Initially, the lines of attack by the media followed the previously existing culture war. Remain-supporting papers could not resist politicising a medical crisis to plough their political predilections. Toby Helm of the Observer, for example, was quick to argue that "Brexit means the coronavirus vaccine will be slower to reach the UK." He claimed Covid-19 was payback for Brexit since, apparently, the vaccine (which does not yet exist) will “cost more here because of the UK pulling out of the European Medicines Agency on 30 December.”Also on rt.com This Covid-19 sermon on the BBC was biased, patronising & insufferable virtue signalling – we shouldn’t be forced to pay for it
While the culture war battle lines remain, the media’s politicisation of the medical crisis united them into an undifferentiated authoritarian mob – carrying pens and laptops rather than pitchforks – that demanded tough draconian action by the government, from introducing social distancing and restricting movement to shutting down the economy, which is truly unprecedented. And now that they’ve got it, they have become an indispensable part of the government’s propaganda bullhorn and surveillance.
The media’s role in politicising the Covid-19 crisis is an important development. Their abandonment of the critical role of speaking truth to power is irresponsible and a betrayal of the principles of a free press.
Demanding draconian steps, while not taking responsibility for outcomes or having to deal with the consequences, is morally bankrupt and unforgivable. The idea that they can now criticise the government for the devastating economic and social consequences of the lockdown – a policy they have championed and demanded from the outset – is just staggeringly arrogant and hypocritical.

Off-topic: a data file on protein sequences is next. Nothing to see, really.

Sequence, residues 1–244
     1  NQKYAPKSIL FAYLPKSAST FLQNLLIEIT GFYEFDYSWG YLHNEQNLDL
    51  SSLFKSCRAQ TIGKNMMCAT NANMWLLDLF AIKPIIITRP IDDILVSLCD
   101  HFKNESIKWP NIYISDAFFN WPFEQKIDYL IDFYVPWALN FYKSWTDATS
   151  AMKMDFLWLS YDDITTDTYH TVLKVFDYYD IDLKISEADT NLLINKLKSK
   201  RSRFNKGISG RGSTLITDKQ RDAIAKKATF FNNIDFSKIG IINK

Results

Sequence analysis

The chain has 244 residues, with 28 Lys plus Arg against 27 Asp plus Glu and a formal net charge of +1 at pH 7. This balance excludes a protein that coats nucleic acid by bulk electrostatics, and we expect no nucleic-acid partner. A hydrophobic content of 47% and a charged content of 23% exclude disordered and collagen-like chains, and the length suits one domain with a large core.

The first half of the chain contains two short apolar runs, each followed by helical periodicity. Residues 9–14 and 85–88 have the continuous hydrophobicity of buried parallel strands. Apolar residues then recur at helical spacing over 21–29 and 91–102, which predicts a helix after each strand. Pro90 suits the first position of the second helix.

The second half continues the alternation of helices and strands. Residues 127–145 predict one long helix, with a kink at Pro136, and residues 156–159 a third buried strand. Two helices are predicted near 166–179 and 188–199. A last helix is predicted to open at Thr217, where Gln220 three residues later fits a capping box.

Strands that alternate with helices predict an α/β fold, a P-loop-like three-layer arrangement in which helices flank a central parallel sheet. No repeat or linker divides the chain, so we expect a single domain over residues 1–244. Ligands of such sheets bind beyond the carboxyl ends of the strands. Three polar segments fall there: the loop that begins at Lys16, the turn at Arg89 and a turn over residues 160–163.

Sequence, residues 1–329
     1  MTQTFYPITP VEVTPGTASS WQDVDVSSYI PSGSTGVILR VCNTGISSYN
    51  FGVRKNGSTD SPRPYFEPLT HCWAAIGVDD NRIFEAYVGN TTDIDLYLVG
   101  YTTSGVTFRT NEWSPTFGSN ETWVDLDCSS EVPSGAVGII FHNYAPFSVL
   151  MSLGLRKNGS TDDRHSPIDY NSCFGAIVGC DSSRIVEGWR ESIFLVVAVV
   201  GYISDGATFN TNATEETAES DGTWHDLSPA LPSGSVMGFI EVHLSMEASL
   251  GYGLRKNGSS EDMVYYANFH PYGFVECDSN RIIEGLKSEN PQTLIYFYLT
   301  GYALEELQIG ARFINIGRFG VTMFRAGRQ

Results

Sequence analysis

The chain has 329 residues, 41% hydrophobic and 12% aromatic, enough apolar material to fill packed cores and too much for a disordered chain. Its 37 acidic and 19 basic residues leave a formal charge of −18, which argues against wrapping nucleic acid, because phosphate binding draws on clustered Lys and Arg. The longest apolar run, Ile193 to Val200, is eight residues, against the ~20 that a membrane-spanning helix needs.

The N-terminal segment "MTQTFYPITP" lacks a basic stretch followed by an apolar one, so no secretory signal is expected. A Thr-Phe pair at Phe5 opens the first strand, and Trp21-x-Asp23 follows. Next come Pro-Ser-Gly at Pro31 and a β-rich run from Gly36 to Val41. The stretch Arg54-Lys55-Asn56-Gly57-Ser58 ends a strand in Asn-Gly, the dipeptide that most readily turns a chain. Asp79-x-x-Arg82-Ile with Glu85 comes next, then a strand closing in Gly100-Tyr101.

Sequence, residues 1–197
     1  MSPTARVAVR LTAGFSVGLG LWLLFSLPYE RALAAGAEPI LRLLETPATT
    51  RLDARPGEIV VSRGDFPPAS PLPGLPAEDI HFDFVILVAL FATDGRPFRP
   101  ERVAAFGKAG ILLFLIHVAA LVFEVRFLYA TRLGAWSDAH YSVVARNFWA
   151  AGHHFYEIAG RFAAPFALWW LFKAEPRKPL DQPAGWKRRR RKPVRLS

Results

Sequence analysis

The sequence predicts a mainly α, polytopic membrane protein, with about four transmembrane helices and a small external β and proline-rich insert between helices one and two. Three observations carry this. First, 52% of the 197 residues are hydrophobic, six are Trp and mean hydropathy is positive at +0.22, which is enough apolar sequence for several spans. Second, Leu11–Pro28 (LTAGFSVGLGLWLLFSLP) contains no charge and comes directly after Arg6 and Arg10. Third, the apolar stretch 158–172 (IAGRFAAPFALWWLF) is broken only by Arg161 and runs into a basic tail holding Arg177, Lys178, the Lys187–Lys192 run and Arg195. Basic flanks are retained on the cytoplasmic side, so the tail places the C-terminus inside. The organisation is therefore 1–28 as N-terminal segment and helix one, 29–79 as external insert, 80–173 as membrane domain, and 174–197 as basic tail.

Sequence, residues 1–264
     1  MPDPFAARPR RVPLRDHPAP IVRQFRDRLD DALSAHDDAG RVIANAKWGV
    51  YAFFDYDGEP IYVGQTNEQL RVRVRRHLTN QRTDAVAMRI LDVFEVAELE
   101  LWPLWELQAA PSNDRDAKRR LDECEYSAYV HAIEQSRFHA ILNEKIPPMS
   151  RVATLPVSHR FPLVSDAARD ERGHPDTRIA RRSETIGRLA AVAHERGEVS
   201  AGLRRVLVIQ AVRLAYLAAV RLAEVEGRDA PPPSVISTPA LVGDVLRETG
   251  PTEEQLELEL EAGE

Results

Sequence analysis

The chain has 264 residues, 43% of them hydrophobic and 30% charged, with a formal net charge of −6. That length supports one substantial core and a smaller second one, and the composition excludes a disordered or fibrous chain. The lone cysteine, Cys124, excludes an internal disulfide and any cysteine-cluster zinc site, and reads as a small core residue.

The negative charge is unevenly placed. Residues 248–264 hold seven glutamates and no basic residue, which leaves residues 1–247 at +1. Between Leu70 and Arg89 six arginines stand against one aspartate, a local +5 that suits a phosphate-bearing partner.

But the worse thing by far – and this is what will truly determine the future of so much – is that their conversion to authoritarianism is being justified as an inevitable outcome of the pandemic. “It is the pandemic that forced us to demand a lockdown, my lord” is their defence. But pandemics don’t shut down economies, governments do. And they do so with greater ease when there are no critical voices demanding alternatives or caution.
The lockdown and its consequences belong to the government and the media. This was not an accidental outcome. It is an outcome the media ought to have questioned and debated openly and without political bias. The stakes are just too high.
What we should draw from this is that the freedoms that underpin the role of a free press – freedom of thought and speech – are not optional extras, peccadilloes we indulge in when times are good. They are foundational, especially in crises like Covid-19. They are indispensable tools we need to ensure we deal rationally and democratically with a health crisis. The virus, and especially man-made decisions taken over it, will impact all of us directly way beyond the immediate challenge of dealing with the threat of death.
Unfortunately, the British media’s critical faculties have gone into self-isolation. The banner of critical and open debate (with outspoken exceptions like the excellent mainstream iconoclast Peter Hitchens) has had to be carried by smaller media outlets like Spiked and the Spectator instead. Whether the mainstream media will return to play its historic role or remain furloughed is an open question. But whatever happens, they should be held to account just as we will do to our politicians and experts in the months ahead.
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The statements, views and opinions expressed in this column are solely those of the author and do not necessarily represent those of RT.